Villa Rufinella

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Coordinates: 41°48′12″N 12°41′23″E / 41.8032972°N 12.6897528°E / 41.8032972; 12.6897528

Villa Rufinella
Ceiling fresco in the private chapel inside villa

Villa Rufinella, also called Villa Tuscolana, is a villa in Frascati, Italy.

Villa Rufinella is situated highest of the villas on the hill above the town of Frascati. It was built by Alessandro Ruffini, bishop of Melfi, in 1578, but during its history, the proprietors have made changes in different parts of it. In 1773 the villa became property of the pope. Architect Luigi Vanvitelli, commissioned by the Jesuits, gave the building its present appearance.[1]

In 1804 Pope Pius VII sold the Villa to prince Lucien Bonaparte during his self-imposed exile in Rome. Prince Lucien started the first excavations in the area of the villa and in the territory of Tusculum, sending many of the artifacts found to Paris to be sold on the antiques market. In 1817 a group of bandits of the famous band of robber Gasperoni, commanded by Tommaso Transerici, tried to kidnap the Prince Lucien during one of his parties in the gardens. Instead of the Prince, the bandits kidnapped one of his guests, an artist named Charles de Chatillôn, who softened the bandits by painting portraits of them during his captivity. The Prince was so annoyed by the attack that he sold the villa soon thereafter.[1]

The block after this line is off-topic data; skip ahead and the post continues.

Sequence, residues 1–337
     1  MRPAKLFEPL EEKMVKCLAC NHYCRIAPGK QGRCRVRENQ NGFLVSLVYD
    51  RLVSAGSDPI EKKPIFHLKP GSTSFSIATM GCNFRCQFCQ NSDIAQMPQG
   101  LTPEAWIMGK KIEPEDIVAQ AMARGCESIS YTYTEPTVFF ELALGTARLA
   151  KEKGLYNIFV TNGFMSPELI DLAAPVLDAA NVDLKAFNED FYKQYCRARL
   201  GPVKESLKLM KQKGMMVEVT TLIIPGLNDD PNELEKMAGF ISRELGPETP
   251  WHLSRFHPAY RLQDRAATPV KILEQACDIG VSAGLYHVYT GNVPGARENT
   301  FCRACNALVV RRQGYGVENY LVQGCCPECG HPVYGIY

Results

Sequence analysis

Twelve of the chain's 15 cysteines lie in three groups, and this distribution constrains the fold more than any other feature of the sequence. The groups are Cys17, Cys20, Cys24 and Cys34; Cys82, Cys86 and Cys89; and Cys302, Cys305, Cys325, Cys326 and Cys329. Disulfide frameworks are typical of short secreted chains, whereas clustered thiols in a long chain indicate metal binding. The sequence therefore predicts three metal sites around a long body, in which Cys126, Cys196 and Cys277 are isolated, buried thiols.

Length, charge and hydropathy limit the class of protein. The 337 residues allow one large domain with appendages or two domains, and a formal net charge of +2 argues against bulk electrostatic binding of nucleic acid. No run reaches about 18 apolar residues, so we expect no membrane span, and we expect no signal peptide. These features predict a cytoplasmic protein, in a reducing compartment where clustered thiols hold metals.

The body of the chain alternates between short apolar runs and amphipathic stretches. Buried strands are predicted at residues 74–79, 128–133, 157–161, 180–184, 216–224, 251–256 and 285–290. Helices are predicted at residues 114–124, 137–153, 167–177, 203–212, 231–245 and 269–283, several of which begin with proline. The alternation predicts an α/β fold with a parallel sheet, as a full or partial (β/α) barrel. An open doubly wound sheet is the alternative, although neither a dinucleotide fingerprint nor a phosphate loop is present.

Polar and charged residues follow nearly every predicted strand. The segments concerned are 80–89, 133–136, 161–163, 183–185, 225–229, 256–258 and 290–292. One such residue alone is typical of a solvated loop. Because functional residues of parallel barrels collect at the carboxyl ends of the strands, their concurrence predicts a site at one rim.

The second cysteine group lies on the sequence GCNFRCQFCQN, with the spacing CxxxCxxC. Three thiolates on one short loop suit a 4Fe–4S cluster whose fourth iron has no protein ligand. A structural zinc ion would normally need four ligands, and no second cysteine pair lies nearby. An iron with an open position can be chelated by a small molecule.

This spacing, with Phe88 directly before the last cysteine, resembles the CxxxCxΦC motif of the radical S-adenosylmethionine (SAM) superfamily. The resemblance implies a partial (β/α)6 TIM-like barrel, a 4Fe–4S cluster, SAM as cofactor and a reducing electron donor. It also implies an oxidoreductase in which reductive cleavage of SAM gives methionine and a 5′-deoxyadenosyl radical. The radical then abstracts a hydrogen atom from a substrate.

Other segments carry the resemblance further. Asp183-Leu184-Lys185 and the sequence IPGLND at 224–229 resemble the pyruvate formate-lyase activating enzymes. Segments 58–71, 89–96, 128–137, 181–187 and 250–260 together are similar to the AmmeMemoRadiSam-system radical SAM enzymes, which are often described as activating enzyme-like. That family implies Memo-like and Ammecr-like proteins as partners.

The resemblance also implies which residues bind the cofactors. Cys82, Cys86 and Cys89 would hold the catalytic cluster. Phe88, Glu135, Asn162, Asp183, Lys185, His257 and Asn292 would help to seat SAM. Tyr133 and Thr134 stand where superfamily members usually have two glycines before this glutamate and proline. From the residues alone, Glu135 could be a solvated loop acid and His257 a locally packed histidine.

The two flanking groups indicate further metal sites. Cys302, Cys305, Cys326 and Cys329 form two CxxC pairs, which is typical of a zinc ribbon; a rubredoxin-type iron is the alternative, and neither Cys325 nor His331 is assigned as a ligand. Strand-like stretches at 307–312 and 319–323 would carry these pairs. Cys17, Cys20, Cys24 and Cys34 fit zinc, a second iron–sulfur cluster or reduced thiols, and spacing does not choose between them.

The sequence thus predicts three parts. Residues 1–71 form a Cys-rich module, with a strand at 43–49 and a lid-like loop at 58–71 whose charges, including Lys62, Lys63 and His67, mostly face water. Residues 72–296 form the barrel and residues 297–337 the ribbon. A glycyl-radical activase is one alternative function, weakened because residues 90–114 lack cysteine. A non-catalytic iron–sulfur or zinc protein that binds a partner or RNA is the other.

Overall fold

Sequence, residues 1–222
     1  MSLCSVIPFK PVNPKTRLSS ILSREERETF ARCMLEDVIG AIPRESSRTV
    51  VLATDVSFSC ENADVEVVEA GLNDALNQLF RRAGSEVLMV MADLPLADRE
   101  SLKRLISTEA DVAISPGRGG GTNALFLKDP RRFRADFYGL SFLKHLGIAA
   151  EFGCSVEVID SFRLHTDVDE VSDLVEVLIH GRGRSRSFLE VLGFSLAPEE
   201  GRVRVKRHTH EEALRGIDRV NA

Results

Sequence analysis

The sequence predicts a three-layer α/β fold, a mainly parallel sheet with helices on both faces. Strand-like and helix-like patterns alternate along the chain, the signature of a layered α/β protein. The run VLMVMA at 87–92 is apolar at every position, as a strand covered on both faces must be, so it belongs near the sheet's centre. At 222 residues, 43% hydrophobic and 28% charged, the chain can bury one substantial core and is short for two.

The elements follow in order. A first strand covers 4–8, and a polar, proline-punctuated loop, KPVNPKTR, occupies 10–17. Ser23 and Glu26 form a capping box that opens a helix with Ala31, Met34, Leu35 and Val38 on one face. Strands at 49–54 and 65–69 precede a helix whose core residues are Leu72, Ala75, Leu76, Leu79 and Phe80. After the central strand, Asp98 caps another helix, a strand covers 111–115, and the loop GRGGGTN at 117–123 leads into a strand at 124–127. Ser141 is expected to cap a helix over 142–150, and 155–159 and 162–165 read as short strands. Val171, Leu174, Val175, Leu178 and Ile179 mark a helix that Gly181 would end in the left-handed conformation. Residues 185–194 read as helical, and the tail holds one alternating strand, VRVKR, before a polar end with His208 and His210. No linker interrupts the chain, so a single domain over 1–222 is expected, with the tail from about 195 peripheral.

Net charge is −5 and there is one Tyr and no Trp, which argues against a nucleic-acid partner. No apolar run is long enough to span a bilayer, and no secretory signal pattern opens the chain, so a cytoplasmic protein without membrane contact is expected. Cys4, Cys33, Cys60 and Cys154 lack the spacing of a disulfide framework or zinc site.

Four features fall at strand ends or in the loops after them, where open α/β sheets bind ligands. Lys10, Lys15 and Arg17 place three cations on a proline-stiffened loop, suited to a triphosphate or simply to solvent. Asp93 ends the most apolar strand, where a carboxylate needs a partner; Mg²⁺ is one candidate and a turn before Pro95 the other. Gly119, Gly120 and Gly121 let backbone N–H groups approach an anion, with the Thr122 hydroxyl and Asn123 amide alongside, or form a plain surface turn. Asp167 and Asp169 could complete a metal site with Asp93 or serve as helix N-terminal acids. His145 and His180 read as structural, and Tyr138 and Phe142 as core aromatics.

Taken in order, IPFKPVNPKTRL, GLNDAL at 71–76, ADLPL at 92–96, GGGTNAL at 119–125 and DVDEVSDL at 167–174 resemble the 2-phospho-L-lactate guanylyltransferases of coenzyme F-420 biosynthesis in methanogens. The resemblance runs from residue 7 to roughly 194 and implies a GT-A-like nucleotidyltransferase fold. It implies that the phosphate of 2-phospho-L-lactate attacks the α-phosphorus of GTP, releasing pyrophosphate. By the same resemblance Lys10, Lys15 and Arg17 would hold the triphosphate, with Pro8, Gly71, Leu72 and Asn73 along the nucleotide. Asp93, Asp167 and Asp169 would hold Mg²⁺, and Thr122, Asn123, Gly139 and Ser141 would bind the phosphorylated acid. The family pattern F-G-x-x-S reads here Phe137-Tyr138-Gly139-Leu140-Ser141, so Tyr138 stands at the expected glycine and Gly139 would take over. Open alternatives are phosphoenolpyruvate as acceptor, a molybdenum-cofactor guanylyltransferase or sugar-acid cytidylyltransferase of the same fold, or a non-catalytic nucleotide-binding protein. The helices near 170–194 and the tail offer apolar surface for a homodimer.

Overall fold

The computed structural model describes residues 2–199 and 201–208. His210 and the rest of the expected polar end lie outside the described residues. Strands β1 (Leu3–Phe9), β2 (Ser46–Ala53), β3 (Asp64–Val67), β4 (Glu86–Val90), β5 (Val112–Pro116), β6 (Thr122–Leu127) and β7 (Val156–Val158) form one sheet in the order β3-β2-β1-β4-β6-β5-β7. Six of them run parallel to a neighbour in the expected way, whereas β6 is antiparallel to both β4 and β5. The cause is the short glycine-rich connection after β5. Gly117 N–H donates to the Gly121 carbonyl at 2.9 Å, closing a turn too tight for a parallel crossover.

In 1820 the villa was passed into the possession of Princess Maria Anna of Savoy. Queen Maria Christina of Naples and Sicily, wife of Charles Felix of Sardinia, inherited the villa bequeathed to the Princess Maria Anna, and lived there for long periods until 1843. In 1834, to commemorate his stay as a guest in the villa, Italian poet Giuseppe Gioachino Belli wrote a sonnet in Roman dialect called "La Rufinella". After 1848 the Villa became the property of King Vittorio Emanuele II, who sold it to the Lancellotti family.[1]

The villa suffered heavy damage during World War II (1943–1944). Since 1966 the Villa Rufinella has been owned by the Salesians of Don Bosco, a Roman Catholic religious society: they have restored the building and turned it into a conference hotel.

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References[edit]

  1. ^ a b c Wells, Clara Louisa - The Alban Hills, Vol. I: Frascati - 1878 publisher: Barbera, Rome, Italy - OCLC 21996251

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